Lesson 14

Food Drive (optional)

Warm-up: Estimation Exploration: Food Drive (10 minutes)

Narrative

The purpose of an Estimation Exploration is to practice the skill of estimating a reasonable answer based on experience and known information. If needed, discuss what a food drive is in the launch of the activity.

Launch

• Groups of 2
• Display image.
• If necessary, “What is a food drive?”
• “What is an estimate that’s too high? Too low? About right?”
• 1 minute: quiet think time

Activity

• 1 minute: partner discussion
• Record responses.

Student Facing

How many cans did the first graders collect for the food drive?

Record an estimate that is:

too low about right too high
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Student Response

For access, consult one of our IM Certified Partners.

Activity Synthesis

• “Is anyone’s estimate less than ___? Is anyone’s estimate greater than ___?”
• “Based on this discussion does anyone want to revise their estimate?”

Activity 1: Cans for the Food Drive (20 minutes)

Narrative

The purpose of this activity is for students to apply their understanding of place value and properties of operations to solve two-digit addition real world problems (MP2). Students may use any method and representation that helps them make sense of the problems in context.

MLR8 Discussion Supports. Students who are working toward verbal output may benefit from access to mini-whiteboards, sticky notes, or spare paper to write down and show their responses to their partner.

Launch

• Groups of 2
• Give students access to connecting cubes in towers of 10 and singles.
• “The table shows the number of cans four students collected for their class’ food drive.”
• “What do you notice? What do you wonder?” (They collected a lot of cans. Tyler collected the most. Han collected the least. I wonder how many they collected all together.)

Activity

• 6 minutes: independent work time
• “Check in with your partner. Be prepared to show or explain your thinking.”
• 5 minutes: partner discussion

Student Facing

Student Cans Collected
Lin 18
Priya 24
Han 13
Tyler 30

Partner A: Write an equation to represent your thinking.

1. How many cans did Lin and Priya collect altogether?
2. How many cans did Han and Tyler collect altogether?
3. How many cans did all four students collect altogether?

Partner B: Write an equation to represent your thinking.

1. How many cans did Tyler and Priya collect altogether?
2. How many cans did Lin and Han collect altogether?
3. How many cans did all four students collect altogether?

Student Response

For access, consult one of our IM Certified Partners.

Activity Synthesis

• Invite students to share the equations that show the total number of cans or display: $$42 + 43 = 85$$ and $$54 + 31 = 85$$
• “Many of you used these two equations to find how many cans were collected by all four students.”
• “What are the similarities and differences?” (Both equal 85 and use the same information about four students, but each number represents the total for two different students.)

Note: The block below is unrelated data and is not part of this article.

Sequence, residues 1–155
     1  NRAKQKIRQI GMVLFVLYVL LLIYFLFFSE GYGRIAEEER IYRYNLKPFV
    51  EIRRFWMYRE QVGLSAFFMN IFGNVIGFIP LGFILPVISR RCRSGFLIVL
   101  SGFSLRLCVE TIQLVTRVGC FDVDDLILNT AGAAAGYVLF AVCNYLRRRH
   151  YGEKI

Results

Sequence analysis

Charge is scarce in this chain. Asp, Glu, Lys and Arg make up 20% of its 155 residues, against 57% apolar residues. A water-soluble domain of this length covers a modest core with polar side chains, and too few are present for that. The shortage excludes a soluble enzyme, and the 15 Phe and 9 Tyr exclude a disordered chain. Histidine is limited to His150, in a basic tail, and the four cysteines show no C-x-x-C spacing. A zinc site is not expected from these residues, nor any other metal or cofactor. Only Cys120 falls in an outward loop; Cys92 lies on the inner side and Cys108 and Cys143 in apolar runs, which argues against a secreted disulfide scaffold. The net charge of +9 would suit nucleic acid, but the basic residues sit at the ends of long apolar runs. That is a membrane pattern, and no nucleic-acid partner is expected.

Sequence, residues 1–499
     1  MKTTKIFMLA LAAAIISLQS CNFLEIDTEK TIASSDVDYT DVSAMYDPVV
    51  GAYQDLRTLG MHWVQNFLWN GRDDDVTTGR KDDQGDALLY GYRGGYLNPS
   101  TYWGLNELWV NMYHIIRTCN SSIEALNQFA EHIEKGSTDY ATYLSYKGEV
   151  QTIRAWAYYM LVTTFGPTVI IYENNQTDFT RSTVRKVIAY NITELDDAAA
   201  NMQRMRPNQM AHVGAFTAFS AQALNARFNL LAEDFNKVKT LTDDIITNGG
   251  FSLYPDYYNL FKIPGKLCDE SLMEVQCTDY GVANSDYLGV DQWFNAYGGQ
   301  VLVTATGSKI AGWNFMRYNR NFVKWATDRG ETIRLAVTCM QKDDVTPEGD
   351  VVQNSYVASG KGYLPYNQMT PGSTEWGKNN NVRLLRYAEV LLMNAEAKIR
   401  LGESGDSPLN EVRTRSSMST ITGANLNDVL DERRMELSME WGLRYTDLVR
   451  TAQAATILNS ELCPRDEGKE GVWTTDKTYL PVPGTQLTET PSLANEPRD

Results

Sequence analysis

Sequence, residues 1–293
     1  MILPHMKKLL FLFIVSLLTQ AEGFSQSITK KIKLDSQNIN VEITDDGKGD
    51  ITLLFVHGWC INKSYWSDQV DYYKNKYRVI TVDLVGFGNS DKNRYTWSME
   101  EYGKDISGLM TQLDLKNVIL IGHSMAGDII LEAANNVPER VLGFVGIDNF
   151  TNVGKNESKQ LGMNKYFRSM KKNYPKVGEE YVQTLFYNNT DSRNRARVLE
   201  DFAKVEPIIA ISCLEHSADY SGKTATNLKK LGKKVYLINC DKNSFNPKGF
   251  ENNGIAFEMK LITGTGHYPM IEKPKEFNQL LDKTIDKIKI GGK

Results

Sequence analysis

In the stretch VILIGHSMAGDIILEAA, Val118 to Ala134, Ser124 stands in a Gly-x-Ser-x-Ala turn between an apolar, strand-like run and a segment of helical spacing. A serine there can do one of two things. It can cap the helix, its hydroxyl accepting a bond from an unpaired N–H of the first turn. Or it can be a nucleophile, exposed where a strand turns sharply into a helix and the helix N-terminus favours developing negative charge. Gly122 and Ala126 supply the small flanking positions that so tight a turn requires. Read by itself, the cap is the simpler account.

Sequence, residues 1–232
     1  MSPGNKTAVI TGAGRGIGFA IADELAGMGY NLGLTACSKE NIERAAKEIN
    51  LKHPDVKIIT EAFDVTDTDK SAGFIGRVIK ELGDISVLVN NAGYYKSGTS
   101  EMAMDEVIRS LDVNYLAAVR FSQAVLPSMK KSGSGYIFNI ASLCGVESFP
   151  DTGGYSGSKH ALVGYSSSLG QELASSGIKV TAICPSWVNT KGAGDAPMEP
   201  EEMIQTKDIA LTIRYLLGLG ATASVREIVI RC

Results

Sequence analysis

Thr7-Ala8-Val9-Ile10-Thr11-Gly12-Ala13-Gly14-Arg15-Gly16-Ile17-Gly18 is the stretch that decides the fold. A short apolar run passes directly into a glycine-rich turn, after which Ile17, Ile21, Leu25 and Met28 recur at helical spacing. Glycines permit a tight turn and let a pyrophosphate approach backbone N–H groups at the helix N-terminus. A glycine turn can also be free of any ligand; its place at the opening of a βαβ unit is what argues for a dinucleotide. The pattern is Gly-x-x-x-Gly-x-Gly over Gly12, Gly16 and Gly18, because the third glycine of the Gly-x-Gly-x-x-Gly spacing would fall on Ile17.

• “What other equations can we use to find the total number of cans collected by all four students?” ($$18 + 24 + 13 + 30=85$$, $$48 + 24 + 13=85$$)

Activity 2: Boxes of Cans (20 minutes)

Narrative

The purpose of this activity is for students to find pairs of numbers that have a value that is between 35-65. Some students may use trial and error to solve the problem. Encourage students to consider a strategic way to determine if a combination of two classes may or may not meet the constraint. For example, students may notice that combining 1st and 2nd grade will not work because 5 tens and 2 tens is 7 tens which is more than the 65 can limit.

Action and Expression: Internalize Executive Functions. Invite students to verbalize their method for solving two-digit problems before they begin. Students can speak quietly to themselves, or share with a partner.
Supports accessibility for: Organization, Conceptual Processing, Language

Launch

• Groups of 2
• Give students access to connecting cubes in towers of 10 and singles.
• “The whole school is collecting cans for a food drive. This table shows how many cans each grade collected on the first day of the food drive. The cans are brought down to the main office so the student council can pack them into boxes.”

Activity

• 10 minutes: partner work time
• Monitor for 2-3 partnerships who determine different box arrangements.

Student Facing

Room Cans Collected on Day 1
Kindergarten 18

Find different ways they can pack the cans from 2 grades in a box together and have 35 to 65 cans in each box.
Try to find as many different ways as you can.
Write an equation to represent your thinking.

If you have time: Can any box have cans from 3 grade levels?
What is the least amount of boxes the school can pack to send to the Food Bank?

Student Response

For access, consult one of our IM Certified Partners.

Activity Synthesis

• Invite previously identified students to share.
• Record responses.
• “Is this statement true? 6th grade’s cans can be packed with any other grade level.” (Yes, since they only collected 8 cans and the highest amount of cans collected was 51 in 1st grade. $$51 + 8 = 59$$, which is still under 65 cans.)

Lesson Synthesis

Lesson Synthesis

“Today we represented and solved real world problems about a food drive and packing cans in boxes to take to the Food Bank.”

“What methods did you use to determine which grade level’s cans could be packed together in the boxes?” (I looked at the tens first and if they added up to between 40 and 50 I knew they would fit. Then I added them to ones. First I thought about whether the ones would make a new ten and then added the tens to see if it fit between 35 and 65.)

“Which grade levels could not have their cans packed together? How do you know?” (1st and 4th because 5 tens and 4 tens is 90. 4th grade and 5th grade because 30 + 40 = 70, which is over the limit.)